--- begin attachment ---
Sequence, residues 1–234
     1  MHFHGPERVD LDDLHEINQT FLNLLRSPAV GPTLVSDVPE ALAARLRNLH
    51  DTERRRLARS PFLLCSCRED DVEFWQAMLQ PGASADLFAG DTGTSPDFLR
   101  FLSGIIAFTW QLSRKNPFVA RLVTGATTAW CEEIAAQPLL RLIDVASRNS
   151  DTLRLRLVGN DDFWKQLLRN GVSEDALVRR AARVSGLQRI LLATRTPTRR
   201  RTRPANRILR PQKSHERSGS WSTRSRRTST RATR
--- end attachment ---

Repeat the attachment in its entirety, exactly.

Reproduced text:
Sequence, residues 1–234
     1  MHFHGPERVD LDDLHEINQT FLNLLRSPAV GPTLVSDVPE ALAARLRNLH
    51  DTERRRLARS PFLLCSCRED DVEFWQAMLQ PGASADLFAG DTGTSPDFLR
   101  FLSGIIAFTW QLSRKNPFVA RLVTGATTAW CEEIAAQPLL RLIDVASRNS
   151  DTLRLRLVGN DDFWKQLLRN GVSEDALVRR AARVSGLQRI LLATRTPTRR
   201  RTRPANRILR PQKSHERSGS WSTRSRRTST RATR